Thursday, December 7, 2023

Paths To War

 The navy cannot afford to fight.  There is a feeling that, if possible, the navy would want to avoid a Japanese-American war.  If we pass up this opportunity, war will be impossible to avoid."

- Rear Admiral Takamatsu Nobuhito to his brother, Emperor Hirohito; November 30, 1941, seven days before Pearl Harbor

On this 82nd anniversary of Pearl Harbor, I am relinking my post Japan Decides On War, along with Dereliction of Duty, on America's military escalation in Vietnam.  Both are examples of how bad decisions can be made, despite the misgivings of many of those involved.  Useful lessons to keep in mind, particularly with war, the weightiest of human endeavors.

The Hay Wain

 Constable's The Hay Wain could be based on wooden cart parked in north  London 'service station' | Daily Mail Online Painted by John Constable (1776-1837) in 1821.  The large canvas (4 x 6 feet) portrays a hay wagon crossing the River Stour on the border of Essex and Suffolk.  The building on the left is Willy Lott's Cottage, the subject of another Constable painting.  William Lott (1761-1849) was a tenant farmer who lived in the cottage his entire life, spending only four nights away.  The cottage still stands.

Constable's skill and the pastoral setting have consistently made it voted one of the most popular paintings displayed in England.  It's been in the National Gallery since 1886.  In July 2022, two barbarians from Just Stop Oil glued themselves to the painting causing minor damage to the surface varnish and frame.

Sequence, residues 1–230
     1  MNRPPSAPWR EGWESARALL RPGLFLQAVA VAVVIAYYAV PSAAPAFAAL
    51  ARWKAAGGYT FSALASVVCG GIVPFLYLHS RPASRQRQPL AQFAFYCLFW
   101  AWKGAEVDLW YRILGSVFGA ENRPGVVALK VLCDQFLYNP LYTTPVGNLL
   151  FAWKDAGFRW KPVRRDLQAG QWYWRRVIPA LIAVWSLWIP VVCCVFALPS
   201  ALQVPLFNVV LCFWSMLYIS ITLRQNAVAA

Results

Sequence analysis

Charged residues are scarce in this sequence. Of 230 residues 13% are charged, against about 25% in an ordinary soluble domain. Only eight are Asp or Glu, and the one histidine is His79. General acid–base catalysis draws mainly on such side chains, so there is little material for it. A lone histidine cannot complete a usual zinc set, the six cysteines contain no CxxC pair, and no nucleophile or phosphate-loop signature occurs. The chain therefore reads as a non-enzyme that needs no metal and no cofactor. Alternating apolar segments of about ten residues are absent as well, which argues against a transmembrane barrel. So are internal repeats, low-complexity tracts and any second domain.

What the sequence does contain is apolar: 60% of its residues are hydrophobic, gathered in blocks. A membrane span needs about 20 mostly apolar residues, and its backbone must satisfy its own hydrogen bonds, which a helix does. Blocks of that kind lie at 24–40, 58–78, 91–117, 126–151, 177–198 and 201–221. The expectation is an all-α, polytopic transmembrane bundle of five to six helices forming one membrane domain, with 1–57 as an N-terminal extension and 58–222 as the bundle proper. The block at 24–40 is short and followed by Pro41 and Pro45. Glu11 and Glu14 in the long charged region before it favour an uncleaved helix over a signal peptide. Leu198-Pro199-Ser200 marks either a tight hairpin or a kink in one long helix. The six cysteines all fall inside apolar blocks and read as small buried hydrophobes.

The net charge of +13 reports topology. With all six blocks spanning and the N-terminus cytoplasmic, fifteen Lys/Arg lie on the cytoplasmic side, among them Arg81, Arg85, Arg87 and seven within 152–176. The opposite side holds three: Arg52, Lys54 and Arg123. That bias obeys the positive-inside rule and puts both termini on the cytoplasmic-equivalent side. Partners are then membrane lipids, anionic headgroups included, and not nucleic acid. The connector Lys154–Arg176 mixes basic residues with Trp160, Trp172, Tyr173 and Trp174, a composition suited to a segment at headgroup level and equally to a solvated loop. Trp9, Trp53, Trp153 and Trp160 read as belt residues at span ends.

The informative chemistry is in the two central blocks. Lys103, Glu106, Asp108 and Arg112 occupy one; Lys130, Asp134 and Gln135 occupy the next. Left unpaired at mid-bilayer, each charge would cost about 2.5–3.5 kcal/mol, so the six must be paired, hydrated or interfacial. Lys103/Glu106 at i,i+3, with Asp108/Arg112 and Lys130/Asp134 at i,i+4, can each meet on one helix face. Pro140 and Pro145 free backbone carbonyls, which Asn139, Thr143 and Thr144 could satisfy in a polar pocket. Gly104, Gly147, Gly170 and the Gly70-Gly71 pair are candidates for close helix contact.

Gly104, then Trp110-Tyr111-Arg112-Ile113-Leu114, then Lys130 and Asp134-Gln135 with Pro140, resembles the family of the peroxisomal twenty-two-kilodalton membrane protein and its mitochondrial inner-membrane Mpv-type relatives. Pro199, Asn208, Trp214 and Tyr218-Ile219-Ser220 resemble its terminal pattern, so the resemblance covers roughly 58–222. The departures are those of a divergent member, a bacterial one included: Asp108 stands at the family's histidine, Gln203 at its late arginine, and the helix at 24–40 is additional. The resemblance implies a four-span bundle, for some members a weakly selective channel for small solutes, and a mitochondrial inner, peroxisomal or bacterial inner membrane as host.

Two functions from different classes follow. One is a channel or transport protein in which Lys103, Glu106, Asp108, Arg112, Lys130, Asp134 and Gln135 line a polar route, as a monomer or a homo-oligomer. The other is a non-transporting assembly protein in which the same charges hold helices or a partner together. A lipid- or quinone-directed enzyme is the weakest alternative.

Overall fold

Wednesday, December 6, 2023

Our Best And Brightest

Some thoughts on yesterday's Congressional hearing appearance by the presidents of Harvard, UPenn, and MIT.

Today, President Gay of Harvard released a "clarifying" statement and President Magill of UPenn released a video also "clarifying" her remarks.  Magill looks like she is in a hostage video; visibly an unhappy camper.(1)  Clearly they, and more importantly, their Boards, know how disastrous the testimony was.  The truth is whatever "clarifying" remarks the presidents make, they are just trying to survive for the moment.  They'll give lip service to free speech and intellectual freedom when necessary but their entire academic careers demonstrate they do not believe in it.  You can't when what you really believe in is equity, intersectionality, the primacy of group identity, and the categories of Oppressed and Oppressor.

While Rep. Stefanik's question about Jews and genocide provided an illuminating insight into how the witnesses think, more illuminating would have been to ask followup questions, substituting "Palestinians", "Whites", and "Blacks" for Jews.(2)  It certainly would have flummoxed the witnesses.  Whatever they would have said in response, their actual beliefs are that for Palestinians and Blacks, calls for genocide would require their schools to take disciplinary action because those two groups are Oppressed, while they would search for context to avoid taking action regarding Jews or Whites.(3)

In her testimony President Gay's asserted that "antisemitism is a symptom of ignorance".  She's wrong.  The antisemitism we see on her campus is a deliberate product of our educational system, including that of Harvard.  It is a deliberate outgrowth of the race essentialism fervently embraced, practiced, and taught by Harvard and other elite institutions.  On the other hand, I can accept that today's Harvard education is geared towards creating and cultivating ignorance.  It is why our elite educational institutions have become so dangerous to the future of this country.

Or, as filmmaker Eli Steele wrote today about those pushing this ideology: